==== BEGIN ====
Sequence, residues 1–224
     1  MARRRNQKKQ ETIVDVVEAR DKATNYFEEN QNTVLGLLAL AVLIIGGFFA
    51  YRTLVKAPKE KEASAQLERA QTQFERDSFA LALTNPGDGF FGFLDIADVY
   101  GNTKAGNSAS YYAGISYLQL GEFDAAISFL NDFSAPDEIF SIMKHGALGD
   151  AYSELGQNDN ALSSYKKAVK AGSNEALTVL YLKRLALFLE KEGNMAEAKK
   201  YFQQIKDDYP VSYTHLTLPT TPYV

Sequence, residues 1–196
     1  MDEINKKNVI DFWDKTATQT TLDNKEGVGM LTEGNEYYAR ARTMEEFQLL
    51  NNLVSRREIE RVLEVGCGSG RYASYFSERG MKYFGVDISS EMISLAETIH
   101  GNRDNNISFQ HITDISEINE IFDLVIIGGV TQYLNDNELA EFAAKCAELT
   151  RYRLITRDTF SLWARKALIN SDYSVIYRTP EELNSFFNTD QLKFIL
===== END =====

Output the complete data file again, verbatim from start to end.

Sequence, residues 1–224
     1  MARRRNQKKQ ETIVDVVEAR DKATNYFEEN QNTVLGLLAL AVLIIGGFFA
    51  YRTLVKAPKE KEASAQLERA QTQFERDSFA LALTNPGDGF FGFLDIADVY
   101  GNTKAGNSAS YYAGISYLQL GEFDAAISFL NDFSAPDEIF SIMKHGALGD
   151  AYSELGQNDN ALSSYKKAVK AGSNEALTVL YLKRLALFLE KEGNMAEAKK
   201  YFQQIKDDYP VSYTHLTLPT TPYV

Sequence, residues 1–196
     1  MDEINKKNVI DFWDKTATQT TLDNKEGVGM LTEGNEYYAR ARTMEEFQLL
    51  NNLVSRREIE RVLEVGCGSG RYASYFSERG MKYFGVDISS EMISLAETIH
   101  GNRDNNISFQ HITDISEINE IFDLVIIGGV TQYLNDNELA EFAAKCAELT
   151  RYRLITRDTF SLWARKALIN SDYSVIYRTP EELNSFFNTD QLKFIL